What is financial infidelity, and why can it lead to divorce?

Married couples share many elements of their lives with one another, including their finances. People generally trust their spouses to be honest and to act in ways that benefit the family as a whole. Unfortunately, not everyone lives up to the trust that their spouse places in them.

Some people are unfaithful and begin romantic or sexual relationships with someone other than their spouses in secret during their marriages. Other people begin lying to their spouses about finances or may have misrepresented their circumstances from the start of the relationship. Some spouses eventually reach the uncomfortable realization that they have married someone who engages in financial infidelity.

What is financial infidelity?

At its most basic, financial infidelity is simply the practice of intentionally misrepresenting one’s finances to a spouse. Financial infidelity could involve under-reporting income, possibly by moving a little bit of each paycheck into a secret account.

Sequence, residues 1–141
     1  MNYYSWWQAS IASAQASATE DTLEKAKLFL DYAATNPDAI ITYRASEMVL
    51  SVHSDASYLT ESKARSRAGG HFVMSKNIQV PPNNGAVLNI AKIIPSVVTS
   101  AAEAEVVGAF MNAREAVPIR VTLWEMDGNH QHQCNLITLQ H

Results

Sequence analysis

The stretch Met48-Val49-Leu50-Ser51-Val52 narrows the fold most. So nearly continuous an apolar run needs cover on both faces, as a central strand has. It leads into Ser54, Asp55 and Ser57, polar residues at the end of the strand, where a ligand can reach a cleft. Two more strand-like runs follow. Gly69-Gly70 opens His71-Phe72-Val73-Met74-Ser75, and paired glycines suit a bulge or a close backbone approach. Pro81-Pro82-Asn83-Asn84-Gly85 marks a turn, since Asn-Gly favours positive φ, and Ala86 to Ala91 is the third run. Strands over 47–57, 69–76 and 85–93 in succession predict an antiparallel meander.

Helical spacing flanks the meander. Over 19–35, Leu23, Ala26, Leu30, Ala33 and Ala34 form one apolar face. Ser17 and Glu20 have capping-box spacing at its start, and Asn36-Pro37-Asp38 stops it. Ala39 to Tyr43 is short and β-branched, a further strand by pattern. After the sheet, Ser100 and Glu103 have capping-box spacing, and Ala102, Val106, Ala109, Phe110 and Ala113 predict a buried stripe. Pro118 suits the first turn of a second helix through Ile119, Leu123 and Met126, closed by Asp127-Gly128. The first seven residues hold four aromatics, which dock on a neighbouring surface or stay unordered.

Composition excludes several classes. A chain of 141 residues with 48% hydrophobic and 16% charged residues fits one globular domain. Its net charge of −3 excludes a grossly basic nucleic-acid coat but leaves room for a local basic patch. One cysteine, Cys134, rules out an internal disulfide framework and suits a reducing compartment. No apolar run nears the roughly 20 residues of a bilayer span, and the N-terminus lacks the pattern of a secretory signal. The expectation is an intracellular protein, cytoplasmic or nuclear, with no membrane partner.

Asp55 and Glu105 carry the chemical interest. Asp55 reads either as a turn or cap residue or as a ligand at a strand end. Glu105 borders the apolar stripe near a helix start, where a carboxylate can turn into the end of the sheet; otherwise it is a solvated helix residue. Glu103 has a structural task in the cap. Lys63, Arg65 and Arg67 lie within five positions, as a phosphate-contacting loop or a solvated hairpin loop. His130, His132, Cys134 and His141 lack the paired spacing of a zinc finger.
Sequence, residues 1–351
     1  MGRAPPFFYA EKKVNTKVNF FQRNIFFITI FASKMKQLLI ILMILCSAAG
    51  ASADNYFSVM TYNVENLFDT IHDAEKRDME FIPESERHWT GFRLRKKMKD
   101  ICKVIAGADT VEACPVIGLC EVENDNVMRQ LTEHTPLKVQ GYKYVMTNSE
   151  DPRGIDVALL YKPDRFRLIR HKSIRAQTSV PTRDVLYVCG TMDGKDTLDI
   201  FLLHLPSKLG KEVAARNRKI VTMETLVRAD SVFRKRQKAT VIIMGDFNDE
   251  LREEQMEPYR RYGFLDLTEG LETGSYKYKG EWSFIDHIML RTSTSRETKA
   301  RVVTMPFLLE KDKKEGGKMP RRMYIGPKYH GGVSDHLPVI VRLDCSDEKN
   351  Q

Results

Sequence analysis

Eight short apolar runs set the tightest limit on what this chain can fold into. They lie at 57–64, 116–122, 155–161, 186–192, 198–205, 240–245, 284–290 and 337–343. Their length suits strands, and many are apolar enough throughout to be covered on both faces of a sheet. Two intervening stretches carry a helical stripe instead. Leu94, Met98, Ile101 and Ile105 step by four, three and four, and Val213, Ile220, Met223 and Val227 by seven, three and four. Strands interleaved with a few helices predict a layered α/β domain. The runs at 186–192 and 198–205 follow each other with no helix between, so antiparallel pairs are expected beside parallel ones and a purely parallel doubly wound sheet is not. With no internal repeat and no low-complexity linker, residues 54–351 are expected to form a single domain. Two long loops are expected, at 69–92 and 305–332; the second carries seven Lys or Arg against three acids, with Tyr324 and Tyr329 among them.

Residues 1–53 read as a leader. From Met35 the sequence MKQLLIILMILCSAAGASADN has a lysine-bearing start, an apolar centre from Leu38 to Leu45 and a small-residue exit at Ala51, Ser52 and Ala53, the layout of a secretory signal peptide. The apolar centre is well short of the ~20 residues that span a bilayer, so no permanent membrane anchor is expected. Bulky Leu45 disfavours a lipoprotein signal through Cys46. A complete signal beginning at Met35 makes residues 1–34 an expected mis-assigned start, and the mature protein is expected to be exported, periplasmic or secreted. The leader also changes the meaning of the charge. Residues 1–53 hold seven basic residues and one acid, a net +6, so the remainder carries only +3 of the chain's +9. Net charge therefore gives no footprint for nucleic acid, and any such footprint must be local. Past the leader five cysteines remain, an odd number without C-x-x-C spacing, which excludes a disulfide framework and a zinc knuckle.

Financial infidelity could also entail opening secret credit cards so that one spouse isn’t aware of the other’s shopping habits. Spousal financial infidelity usually involves misrepresenting one’s resources or hiding debts from a spouse. People may only uncover financial infidelity when marital circumstances deteriorate. It might even be the right of financial discovery during divorce proceedings that uncovers someone’s hidden debts or secret bank accounts.

How financial infidelity affects divorce

For some couples, the discovery of financial infidelity is the underlying cause of a divorce filing. For those divorcing someone who has been dishonest about finances, there are numerous concerns to address. Financial infidelity is more likely to be an issue for those in high-asset marriages preparing for complex divorces. People have to consider whether there could be additional hidden assets and what impact those resources might have on property division proceedings.

A spouse not informed about their partner’s shopping habits or credit card balances might potentially seek to exclude certain financial obligations from the marital estate during a divorce. If people want financial misconduct to influence the property division process, then they typically need concrete evidence to present to the courts or their spouse’s acknowledgment of their misconduct during negotiations.

Understanding the unusual marital challenges that can complicate certain high-asset divorces can be beneficial for those preparing for the end of a marriage. Those who gather proof of financial infidelity can push more effectively for a reasonable property division outcome.